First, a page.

“Aye,” said I, and drank from my ale – the which I did not enjoy (I do not understand the foam. Why does their ale froth so? And why is it served so bloody cold? ‘Struth, this country’s weather has been overwarm throughout our time here – but the ale in these taverns is so cold that one can not even taste it, as one’s tongue is sheeted in hoarfrost at the first sip. Though perhaps that is the intent, as the ale tastes better when it does not.) but I needed to wash the taste of the ashes of my fallen pride out of my throat. “I have not been a gentleman in my behavior with her, and so I am fallen from her grace.” Even as I used the words, my heart broke in my breast – for I am fallen from my own Grace, as well, and I think I will never regain her again, not truly.

Calhoun nodded, with that sheen of impish delight still in his pig’s eyes. “Yea, I hear you. Well, I tell you what,  it may even be better this way, because if you were still sniffin’ around her, I mighta been forced to show her that viddy-oh,” and here he unpocketed his cell-phone, placing it flat on the table and spinning it idly with his finger, daring me to snatch it, “and that Meredith, she likes her a bad boy to warm up that fireplace o’ hers – but a fellow killin’ fellows? Usin’ some big ol’ pigsticker to cut some son-bitch’s head off, near enough?” He shook his head and pulled from his bottle. “That shit don’t play, Damny-boy. Not with the high and mighty perfect Ms. Vance.”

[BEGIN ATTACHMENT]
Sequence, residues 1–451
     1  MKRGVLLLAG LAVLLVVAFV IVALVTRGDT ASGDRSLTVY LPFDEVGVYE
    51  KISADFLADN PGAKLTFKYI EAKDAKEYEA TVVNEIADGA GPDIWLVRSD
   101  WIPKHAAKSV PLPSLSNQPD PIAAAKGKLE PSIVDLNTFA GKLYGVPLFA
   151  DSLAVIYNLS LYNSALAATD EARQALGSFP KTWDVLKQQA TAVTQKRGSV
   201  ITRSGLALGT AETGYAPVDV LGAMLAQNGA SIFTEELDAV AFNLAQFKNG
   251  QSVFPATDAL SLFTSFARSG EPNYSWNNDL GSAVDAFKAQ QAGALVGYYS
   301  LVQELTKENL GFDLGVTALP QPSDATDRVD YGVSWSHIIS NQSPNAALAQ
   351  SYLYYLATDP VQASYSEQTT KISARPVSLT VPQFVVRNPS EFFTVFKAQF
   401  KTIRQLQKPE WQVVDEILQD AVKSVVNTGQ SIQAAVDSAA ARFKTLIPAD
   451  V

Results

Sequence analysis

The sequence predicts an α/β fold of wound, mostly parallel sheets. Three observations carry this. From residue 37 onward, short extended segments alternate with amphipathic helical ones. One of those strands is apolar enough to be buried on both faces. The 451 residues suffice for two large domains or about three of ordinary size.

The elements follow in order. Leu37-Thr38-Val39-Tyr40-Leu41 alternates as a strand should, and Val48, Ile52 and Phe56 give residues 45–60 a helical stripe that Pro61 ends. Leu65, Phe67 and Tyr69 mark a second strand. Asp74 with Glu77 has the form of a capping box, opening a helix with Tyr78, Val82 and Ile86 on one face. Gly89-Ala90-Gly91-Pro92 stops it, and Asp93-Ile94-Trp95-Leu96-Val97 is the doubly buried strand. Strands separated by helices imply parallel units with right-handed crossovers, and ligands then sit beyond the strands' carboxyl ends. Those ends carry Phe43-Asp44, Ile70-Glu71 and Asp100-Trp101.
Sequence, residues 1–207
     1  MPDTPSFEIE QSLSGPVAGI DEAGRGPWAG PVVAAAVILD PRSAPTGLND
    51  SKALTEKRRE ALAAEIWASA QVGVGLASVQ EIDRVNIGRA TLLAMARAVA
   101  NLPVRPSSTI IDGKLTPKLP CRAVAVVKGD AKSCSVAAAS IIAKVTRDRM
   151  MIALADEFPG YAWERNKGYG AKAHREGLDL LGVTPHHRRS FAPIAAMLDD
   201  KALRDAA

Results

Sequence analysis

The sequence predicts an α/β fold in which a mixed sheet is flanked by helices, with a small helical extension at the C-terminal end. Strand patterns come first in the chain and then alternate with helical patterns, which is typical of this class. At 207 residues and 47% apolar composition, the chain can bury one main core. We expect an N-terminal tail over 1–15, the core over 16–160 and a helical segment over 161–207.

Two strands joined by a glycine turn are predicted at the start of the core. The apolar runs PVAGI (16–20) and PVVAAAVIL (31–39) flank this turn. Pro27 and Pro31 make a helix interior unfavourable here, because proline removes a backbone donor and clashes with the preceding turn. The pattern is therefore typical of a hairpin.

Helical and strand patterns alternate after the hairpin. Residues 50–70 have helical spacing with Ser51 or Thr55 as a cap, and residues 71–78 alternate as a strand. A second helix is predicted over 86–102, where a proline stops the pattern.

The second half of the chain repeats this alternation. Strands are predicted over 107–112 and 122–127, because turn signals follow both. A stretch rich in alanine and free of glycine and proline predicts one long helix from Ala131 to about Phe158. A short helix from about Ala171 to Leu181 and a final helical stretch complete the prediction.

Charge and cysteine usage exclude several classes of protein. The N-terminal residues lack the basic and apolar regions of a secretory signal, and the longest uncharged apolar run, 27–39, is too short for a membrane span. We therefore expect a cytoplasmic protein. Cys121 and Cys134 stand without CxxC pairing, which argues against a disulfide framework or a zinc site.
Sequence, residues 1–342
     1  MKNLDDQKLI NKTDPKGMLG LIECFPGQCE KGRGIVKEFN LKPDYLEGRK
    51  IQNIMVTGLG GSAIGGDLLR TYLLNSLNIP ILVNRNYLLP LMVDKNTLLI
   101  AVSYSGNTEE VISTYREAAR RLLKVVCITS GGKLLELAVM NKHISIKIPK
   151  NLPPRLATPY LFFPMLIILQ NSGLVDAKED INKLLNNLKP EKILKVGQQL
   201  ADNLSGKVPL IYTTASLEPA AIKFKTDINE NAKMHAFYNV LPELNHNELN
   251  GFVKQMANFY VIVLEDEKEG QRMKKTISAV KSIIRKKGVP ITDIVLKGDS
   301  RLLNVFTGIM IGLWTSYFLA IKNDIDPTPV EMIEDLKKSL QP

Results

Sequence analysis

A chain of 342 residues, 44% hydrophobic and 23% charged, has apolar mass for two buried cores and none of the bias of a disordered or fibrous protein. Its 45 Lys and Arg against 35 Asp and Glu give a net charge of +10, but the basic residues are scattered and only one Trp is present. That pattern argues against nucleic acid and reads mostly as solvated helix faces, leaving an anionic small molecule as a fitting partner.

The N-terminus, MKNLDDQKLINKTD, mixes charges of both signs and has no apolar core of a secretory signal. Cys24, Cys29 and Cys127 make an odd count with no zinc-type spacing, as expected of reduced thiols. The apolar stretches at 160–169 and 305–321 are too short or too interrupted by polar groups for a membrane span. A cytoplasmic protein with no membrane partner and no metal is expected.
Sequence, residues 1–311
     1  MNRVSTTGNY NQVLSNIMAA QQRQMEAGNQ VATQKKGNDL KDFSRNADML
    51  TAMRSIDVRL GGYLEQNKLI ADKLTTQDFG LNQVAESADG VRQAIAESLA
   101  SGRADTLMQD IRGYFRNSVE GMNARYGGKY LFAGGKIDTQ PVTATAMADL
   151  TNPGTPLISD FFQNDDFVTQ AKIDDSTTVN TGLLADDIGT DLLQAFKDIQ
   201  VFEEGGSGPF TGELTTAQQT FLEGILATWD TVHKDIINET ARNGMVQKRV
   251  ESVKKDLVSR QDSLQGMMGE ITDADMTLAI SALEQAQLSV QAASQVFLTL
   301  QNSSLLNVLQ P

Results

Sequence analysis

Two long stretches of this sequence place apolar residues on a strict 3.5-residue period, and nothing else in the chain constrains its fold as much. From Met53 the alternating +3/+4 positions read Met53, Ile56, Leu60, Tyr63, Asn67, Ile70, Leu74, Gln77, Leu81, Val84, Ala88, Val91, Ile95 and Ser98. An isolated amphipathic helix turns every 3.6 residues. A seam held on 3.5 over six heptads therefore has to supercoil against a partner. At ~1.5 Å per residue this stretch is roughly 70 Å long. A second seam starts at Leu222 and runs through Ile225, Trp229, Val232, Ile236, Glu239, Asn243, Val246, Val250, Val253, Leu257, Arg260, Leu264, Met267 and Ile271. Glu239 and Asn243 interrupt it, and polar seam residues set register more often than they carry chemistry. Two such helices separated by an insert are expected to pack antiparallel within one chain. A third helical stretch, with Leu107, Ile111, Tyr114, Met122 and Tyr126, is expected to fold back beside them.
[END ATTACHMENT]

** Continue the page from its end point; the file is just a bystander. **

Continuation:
I nodded. I did not reach for his ‘phone: I do not understand them, but I know that the magic window’s vision is not contained within the window itself, merely seen through it, and so taking it would be useless provocation, and surely Calhoun’s intended goal, an excuse to respond in kind. I swallowed more ash. “Aye. I am not the man for her.” I met his gaze. “I am the man for you. Tell us what you would have of us.”